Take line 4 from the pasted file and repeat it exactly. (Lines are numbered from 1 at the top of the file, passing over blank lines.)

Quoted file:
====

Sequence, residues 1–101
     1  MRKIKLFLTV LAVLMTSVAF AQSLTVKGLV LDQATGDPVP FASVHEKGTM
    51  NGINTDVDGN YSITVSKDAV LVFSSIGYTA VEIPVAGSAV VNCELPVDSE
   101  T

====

   101  T